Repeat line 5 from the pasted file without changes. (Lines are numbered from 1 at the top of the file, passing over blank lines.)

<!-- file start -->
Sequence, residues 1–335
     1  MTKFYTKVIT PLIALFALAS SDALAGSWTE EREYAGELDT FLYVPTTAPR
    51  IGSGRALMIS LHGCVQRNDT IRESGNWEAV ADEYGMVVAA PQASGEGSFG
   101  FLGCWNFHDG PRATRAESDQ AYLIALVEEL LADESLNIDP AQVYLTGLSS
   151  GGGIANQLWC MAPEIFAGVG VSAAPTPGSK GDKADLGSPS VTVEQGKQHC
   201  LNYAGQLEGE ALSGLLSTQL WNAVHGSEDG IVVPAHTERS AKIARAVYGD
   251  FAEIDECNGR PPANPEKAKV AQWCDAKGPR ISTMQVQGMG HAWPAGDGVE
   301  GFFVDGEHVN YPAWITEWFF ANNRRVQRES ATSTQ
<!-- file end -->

   151  GGGIANQLWC MAPEIFAGVG VSAAPTPGSK GDKADLGSPS VTVEQGKQHC